However, if I’m coaching anyone else hips, knees, and toes in line is the way we go. When the lower extremity stays in line, you allow for proper arthokinematics at the hip joint. I invite you to use a bone model and move the femur though flexion and extension. What you’ll notice is that the best joint congruency isn’t with a fully externally rotated femur.

Muscularly, I avoid shortening hip external rotators, inhibiting internal rotators, and stretching out the anterior hip capsule. All are things that limit movement options and create unbalanced joints. Further, quadriceps are in an optimal position to extend the knee with the knee over the midfoot. The adductors are also positioned to help with flexion and extension when they are not passively insufficient due to excessive abduction and external rotation of the femur.

Most importantly, you stay athletic. With everything lined up and a lowered center of gravity you attain an athletic position. You allow yourself movement options in three planes of motion, and you train the quadriceps in a manner that allows them to act functionally as forceful extenders of the knee while running and jumping as well as a set of functional brakes when changing direction or stopping.

Look at the ready position or any defensive back in the NFL, any soccer player in the MLS, or the short stop of any MLB club. What you’ll notice is they are in a squat. What you will also notice is that they are hips, knees, and feet in line. Ready to make a play. So, lets train our strength in positions from which we can make plays.

Squat the Bottom Line

I find the squat to be one of the most effective exercises in increasing a client’s mobility, strength, and feeling of overall athleticism. I respect the squat most for its profound effect on the nervous system and our performance under stress or competition. Therefore, I take great care when coaching the movement and am meticulous with movement detail and loading the exercise.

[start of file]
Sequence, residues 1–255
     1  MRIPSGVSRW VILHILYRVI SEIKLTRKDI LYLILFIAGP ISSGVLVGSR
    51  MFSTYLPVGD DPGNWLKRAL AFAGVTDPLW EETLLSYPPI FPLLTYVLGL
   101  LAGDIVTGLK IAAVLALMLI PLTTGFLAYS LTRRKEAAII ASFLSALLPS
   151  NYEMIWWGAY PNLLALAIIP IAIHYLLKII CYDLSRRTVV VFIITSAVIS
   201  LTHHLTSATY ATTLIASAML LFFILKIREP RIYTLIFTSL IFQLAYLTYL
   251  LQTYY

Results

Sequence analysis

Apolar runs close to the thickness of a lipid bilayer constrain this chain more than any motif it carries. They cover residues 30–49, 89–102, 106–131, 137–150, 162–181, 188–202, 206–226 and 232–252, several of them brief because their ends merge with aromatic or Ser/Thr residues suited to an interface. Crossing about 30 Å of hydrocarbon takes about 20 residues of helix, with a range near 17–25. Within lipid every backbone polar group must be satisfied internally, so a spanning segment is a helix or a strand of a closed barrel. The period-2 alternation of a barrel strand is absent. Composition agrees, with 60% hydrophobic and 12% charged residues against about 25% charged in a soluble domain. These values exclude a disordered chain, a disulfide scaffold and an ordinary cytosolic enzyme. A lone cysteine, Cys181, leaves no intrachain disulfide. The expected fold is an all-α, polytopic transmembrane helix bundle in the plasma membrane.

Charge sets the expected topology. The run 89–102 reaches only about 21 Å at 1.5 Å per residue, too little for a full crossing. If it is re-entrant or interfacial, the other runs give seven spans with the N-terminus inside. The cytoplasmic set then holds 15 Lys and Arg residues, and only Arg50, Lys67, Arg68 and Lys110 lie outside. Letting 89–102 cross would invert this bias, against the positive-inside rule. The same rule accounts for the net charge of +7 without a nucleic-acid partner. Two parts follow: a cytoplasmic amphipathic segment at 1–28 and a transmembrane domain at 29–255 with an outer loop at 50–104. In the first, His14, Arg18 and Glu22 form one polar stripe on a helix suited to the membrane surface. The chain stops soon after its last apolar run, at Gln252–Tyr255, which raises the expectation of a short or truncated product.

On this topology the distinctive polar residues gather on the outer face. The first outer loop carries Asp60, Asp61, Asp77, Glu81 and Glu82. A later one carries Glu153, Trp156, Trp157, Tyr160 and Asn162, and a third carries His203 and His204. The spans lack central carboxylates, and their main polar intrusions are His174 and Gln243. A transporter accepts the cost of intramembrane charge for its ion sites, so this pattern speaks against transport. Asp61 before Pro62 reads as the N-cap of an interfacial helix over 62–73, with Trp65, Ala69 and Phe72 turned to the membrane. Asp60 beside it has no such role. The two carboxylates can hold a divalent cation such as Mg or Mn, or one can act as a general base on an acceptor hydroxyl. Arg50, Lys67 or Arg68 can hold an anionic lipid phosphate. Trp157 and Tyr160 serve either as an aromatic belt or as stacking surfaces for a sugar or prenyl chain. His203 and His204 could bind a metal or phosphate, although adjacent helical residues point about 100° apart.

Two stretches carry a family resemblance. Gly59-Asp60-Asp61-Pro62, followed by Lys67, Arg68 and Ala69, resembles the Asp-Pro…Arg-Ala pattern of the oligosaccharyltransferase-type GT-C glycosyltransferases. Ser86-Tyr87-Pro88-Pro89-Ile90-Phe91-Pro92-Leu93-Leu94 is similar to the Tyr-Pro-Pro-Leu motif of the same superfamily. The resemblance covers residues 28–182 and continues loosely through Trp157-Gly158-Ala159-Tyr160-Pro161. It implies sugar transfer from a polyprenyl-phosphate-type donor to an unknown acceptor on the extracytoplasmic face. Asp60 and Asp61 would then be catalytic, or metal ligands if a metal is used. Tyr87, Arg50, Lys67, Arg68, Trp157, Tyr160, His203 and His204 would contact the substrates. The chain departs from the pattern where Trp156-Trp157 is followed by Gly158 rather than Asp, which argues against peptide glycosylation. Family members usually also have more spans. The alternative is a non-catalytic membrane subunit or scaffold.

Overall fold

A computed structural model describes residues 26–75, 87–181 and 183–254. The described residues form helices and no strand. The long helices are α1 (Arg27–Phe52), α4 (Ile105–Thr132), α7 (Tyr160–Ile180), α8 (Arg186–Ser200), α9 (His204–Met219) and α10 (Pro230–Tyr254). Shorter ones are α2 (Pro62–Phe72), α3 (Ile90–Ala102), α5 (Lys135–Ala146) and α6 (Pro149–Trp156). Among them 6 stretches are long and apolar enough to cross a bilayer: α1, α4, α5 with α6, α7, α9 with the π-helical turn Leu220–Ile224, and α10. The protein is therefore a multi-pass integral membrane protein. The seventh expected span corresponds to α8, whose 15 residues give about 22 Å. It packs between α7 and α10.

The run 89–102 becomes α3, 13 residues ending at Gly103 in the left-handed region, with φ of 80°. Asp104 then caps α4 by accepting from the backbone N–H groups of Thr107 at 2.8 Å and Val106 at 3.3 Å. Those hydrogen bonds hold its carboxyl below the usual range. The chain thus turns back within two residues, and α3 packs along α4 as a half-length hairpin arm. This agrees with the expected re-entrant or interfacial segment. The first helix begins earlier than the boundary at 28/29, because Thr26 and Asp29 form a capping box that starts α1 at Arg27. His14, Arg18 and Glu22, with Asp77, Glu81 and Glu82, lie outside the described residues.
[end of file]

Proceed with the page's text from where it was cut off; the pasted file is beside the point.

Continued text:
I train my clients to meet their goals but also allow for them to access as much movement as possible. The above points of focus are tips I have used to get results for my clients, keep them healthy, and improve their performance. I hope that you, too, find them useful and/or though provoking.

So Many Squat Variations

There are almost endless variations on the squat.  Here are photos of just two.

Front Squat, Racked Kettlebells

Front squat with racked kettlebells.

Front Squat, Suspension Assist

Front squat with assistance from a suspension trainer.










About the Author, Sebastian Saur

Currently Sebastian is a first-year physical therapy student at Pacific University and is loving the outdoor offerings of the Pacific Northwest. He enjoys meeting and coaching people of all sorts. He is particularly invested in people that want to improve their performance in things that make them happy. Whether that be climbing, playing sports, spending time being active with family, or becoming a more fit version of themselves. Your goals are his goals. Sebastian is a Certified Strength and Conditioning Specialist through the NSCA. He has had the privilege of working under Mike Robertson and Bill Hartman, two nationally recognized strength and conditioning coaches based out of Indianapolis. Sebastian’s style of training uses workouts that address power, strength, conditioning, recovery, and nervous system balance while using movements that emphasize triplanar motion. You can schedule a free consultation with a personal trainer, here.